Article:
Ford Fishing Tale

Now, at the risk of straining good and true communication, we share a whopper of a fishing tale that harkens back to Christensen’s love for his family and old cars (remember, he doesn’t like to discard old technology, just because it has aged.)  Understandably, Christensen has been busy since starting at Vita. When asked what he likes to do in his downtime, he jokes, “Lay face down on the carpet and recover.” In actuality, he really likes taking advantage of the majestic Colorado outdoors with his family that includes two teens who’ll be leaving the home nest in a couple of years. (A semi-scheduled departure that has Christensen spending as much time as possible with his soon-to-be fledglings.) In addition to snow skiing, Christensen and his wife cruise weekends in their 1951 Ford convertible named “Betty” after Christensen’s late grandmother. Here’s the backstory, Christensen swears is hand-on-Bible true:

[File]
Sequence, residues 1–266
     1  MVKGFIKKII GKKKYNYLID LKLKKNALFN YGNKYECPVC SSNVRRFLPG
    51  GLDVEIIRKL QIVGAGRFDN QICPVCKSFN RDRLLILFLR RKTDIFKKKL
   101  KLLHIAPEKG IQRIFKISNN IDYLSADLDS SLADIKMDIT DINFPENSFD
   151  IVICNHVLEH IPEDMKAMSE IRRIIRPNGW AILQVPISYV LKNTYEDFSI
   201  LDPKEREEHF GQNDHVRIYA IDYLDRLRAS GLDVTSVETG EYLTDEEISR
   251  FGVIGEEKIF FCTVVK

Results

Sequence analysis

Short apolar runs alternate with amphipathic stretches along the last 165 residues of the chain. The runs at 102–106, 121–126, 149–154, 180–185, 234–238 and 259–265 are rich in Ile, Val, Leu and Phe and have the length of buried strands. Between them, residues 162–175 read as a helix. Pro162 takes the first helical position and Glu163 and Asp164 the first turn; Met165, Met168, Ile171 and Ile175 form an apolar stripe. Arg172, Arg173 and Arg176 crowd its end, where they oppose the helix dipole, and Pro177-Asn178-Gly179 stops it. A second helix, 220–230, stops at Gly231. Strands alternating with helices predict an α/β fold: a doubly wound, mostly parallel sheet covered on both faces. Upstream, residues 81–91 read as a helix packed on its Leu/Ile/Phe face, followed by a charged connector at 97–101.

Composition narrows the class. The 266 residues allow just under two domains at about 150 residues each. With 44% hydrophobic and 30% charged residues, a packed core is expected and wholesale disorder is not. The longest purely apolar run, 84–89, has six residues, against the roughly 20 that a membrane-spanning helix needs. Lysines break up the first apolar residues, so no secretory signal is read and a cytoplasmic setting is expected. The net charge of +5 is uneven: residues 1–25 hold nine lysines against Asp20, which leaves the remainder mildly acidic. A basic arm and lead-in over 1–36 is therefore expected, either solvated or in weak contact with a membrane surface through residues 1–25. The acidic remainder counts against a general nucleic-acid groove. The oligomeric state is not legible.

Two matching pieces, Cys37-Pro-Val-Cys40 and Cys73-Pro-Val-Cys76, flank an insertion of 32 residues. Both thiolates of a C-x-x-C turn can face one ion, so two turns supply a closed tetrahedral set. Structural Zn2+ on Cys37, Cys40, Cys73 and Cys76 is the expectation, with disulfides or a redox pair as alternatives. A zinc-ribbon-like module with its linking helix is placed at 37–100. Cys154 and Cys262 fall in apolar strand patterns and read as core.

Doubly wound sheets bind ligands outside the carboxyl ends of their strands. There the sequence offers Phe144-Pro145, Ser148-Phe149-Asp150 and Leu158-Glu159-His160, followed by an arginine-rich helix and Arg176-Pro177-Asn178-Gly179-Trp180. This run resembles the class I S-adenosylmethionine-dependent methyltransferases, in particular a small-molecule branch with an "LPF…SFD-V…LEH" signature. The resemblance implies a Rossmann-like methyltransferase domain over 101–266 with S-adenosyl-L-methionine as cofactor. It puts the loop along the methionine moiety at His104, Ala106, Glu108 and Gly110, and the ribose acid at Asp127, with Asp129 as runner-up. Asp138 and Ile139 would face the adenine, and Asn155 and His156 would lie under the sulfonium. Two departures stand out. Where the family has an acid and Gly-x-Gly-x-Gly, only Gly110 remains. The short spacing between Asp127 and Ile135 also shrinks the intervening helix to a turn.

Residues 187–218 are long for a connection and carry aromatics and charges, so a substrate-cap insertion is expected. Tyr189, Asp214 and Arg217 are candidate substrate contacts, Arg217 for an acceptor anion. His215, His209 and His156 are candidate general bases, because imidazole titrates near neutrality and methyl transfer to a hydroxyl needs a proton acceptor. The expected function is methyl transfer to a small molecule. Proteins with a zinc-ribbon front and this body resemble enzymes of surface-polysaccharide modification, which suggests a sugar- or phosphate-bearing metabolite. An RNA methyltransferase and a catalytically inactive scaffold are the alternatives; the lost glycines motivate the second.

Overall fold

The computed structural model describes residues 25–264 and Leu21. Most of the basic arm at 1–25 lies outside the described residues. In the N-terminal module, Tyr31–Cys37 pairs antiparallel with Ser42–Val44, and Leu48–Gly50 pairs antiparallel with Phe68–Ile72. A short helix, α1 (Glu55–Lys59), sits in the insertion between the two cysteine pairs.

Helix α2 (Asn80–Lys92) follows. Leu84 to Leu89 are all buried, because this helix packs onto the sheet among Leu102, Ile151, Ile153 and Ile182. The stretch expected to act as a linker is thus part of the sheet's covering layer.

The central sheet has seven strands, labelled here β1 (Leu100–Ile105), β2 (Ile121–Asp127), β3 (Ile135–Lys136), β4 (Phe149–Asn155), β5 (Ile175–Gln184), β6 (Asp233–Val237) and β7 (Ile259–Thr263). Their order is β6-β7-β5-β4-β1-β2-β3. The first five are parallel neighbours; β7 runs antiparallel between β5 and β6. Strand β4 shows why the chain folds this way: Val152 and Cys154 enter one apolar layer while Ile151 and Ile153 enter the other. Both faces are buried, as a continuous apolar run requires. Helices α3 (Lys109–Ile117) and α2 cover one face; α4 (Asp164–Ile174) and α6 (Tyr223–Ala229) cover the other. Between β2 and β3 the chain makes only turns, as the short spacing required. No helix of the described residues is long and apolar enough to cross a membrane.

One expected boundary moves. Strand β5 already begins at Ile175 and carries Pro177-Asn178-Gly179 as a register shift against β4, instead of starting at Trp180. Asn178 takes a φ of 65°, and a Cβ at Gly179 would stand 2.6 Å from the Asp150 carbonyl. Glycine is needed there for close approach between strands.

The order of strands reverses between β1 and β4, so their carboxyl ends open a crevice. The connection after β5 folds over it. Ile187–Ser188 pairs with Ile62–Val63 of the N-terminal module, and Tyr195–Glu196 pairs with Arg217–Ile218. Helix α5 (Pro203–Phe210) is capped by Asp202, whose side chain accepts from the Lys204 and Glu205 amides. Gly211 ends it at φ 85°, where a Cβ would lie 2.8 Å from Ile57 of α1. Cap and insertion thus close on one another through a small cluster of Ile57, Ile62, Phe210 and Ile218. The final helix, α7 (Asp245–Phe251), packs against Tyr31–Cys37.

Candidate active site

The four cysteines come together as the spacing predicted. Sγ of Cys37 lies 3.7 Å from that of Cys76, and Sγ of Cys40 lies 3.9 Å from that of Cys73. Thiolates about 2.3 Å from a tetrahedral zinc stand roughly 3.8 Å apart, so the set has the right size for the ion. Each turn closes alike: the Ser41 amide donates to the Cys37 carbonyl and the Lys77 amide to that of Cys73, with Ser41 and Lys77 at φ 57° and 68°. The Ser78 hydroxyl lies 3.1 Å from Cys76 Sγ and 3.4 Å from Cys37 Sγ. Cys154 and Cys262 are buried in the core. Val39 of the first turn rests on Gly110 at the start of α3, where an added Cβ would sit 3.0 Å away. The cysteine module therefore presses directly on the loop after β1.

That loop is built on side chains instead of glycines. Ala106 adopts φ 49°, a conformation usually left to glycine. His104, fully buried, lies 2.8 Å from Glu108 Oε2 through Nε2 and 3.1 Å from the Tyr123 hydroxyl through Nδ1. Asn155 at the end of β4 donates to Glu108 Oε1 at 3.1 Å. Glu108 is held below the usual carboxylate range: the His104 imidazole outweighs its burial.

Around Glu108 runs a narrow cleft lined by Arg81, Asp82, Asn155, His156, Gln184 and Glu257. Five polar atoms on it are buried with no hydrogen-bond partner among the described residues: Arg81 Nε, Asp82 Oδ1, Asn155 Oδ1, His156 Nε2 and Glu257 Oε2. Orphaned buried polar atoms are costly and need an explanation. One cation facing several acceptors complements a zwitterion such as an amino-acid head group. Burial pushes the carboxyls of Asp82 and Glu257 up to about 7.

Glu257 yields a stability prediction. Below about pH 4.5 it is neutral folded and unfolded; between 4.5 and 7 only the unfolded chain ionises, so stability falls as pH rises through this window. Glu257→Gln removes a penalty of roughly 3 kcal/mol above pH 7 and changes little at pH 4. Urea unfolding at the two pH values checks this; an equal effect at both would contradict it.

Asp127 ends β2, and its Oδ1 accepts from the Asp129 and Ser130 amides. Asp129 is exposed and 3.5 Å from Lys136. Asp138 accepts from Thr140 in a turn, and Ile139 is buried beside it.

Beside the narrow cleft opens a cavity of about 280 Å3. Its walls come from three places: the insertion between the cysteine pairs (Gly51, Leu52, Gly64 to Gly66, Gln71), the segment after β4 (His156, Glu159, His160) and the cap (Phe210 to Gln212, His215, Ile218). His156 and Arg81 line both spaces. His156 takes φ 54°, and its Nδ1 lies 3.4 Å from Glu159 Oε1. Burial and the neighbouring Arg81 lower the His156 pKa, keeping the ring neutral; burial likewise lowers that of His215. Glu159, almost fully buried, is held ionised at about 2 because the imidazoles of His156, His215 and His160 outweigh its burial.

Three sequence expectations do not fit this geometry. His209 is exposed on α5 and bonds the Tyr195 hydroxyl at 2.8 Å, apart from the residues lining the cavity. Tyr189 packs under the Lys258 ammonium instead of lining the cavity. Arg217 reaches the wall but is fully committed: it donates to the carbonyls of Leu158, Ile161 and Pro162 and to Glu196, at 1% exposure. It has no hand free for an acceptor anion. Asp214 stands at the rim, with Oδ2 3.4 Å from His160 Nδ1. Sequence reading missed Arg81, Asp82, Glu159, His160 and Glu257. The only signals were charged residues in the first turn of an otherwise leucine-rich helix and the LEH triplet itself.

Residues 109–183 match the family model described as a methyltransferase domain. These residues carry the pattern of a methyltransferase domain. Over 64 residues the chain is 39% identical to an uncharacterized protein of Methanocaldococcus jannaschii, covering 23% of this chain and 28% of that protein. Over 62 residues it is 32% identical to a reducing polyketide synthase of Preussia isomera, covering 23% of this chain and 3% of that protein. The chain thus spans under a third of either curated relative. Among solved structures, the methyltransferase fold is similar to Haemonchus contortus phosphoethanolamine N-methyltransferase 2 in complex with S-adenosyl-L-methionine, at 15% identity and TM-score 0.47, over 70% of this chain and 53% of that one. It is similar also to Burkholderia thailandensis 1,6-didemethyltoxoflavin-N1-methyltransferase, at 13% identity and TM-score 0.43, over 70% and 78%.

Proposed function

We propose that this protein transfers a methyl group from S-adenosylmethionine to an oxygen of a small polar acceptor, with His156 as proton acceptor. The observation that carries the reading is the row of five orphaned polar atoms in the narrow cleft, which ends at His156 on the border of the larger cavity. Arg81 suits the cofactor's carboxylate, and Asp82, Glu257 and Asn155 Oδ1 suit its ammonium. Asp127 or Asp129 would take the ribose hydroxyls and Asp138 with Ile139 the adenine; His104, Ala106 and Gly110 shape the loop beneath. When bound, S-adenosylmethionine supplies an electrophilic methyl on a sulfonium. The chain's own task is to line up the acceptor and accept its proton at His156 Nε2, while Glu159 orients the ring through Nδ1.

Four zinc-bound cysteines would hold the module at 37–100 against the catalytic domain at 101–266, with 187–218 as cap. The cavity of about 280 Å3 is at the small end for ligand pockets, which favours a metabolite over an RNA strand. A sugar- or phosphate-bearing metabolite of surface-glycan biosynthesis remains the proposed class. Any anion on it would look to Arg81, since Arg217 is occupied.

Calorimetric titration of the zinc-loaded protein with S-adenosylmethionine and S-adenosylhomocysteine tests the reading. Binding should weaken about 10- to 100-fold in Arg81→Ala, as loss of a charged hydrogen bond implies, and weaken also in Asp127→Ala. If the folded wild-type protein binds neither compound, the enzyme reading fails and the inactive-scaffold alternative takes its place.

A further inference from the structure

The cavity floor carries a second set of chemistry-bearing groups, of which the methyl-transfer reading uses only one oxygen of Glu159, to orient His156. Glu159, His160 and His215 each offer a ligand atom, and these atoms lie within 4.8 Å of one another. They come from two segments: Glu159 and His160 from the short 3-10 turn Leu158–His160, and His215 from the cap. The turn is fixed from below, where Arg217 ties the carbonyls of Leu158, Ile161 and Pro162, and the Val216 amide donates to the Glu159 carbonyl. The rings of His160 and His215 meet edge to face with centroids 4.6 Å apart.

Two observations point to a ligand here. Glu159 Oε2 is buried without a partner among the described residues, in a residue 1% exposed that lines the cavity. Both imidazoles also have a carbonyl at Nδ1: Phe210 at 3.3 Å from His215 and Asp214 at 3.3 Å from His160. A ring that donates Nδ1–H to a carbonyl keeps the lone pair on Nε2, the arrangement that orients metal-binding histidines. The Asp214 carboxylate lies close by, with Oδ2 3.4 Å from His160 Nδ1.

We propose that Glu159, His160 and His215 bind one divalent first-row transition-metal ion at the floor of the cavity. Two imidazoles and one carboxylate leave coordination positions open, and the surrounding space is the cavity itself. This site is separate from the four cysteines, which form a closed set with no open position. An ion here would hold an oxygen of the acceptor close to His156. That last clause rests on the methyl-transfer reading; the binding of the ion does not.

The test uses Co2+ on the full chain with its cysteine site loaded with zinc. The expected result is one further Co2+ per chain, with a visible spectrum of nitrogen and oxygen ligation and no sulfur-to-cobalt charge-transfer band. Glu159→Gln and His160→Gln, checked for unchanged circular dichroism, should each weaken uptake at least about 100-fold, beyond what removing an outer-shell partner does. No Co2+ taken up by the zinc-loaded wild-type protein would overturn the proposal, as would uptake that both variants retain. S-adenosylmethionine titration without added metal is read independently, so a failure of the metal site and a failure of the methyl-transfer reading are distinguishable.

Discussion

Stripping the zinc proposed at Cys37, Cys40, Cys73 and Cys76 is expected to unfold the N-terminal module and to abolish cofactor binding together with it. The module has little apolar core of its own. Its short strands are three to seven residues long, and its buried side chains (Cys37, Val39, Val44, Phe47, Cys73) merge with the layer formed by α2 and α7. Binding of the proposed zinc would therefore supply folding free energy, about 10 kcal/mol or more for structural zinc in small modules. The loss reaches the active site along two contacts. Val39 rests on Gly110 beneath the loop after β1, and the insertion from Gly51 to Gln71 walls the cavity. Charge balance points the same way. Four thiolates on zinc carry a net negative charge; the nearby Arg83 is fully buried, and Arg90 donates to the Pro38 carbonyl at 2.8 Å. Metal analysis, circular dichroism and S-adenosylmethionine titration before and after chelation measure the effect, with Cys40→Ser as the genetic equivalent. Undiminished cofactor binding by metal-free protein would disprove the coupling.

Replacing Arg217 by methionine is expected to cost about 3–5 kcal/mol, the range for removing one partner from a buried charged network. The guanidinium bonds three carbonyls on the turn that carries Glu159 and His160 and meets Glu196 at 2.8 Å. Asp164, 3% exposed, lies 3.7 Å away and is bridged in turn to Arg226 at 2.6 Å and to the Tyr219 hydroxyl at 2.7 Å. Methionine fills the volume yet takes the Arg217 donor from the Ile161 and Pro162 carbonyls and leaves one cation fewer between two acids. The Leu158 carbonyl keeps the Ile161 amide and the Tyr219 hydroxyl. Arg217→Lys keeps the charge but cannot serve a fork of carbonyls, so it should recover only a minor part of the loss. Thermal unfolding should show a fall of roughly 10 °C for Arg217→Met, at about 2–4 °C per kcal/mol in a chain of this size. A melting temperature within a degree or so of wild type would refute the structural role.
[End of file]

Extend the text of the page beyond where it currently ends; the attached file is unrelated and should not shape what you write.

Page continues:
In the year 2021 my dad and I were casually spending a Saturday morning, leisurely looking around a Denver collector-car lot when we came across a car very similar to the one he had sold 20 years earlier in his home state of Nebraska.  I used to drive my wife in that car when we began dating, but it was a different color. The dealer’s eyes got wide when we told him the color of our old car; he ran to his office and then came out with a photo of the car taken before it was repainted. It looked exactly like our car, but I remarked that we couldn’t be sure without the maintenance manual that was missing from the glove compartment. Again the dealer went inside his office and came back with the old manual that contained our handwriting. He even produced my dad’s old “Route 66” keychain that had been found in the car.  That car had traveled from Nebraska down to Texas then to Durango, Colorado, and finally to the Denver lot where we just happened to come across it. I told the dealer, “I have to buy back our car: you got me, but just don’t kill me.”

Another shopper had a first option to buy the car, but he declined because the blinker didn’t work. Because of a $4 replacement part, Christensen gladly bought the old Ford and brought a smile to his wife’s face when he drove home the convertible in which he courted her.

From selling Vita Inclinata’s life-saving products through teamwork, to buying his family’s Ford, Christensen’s quest for meaningfulness seems on the right road.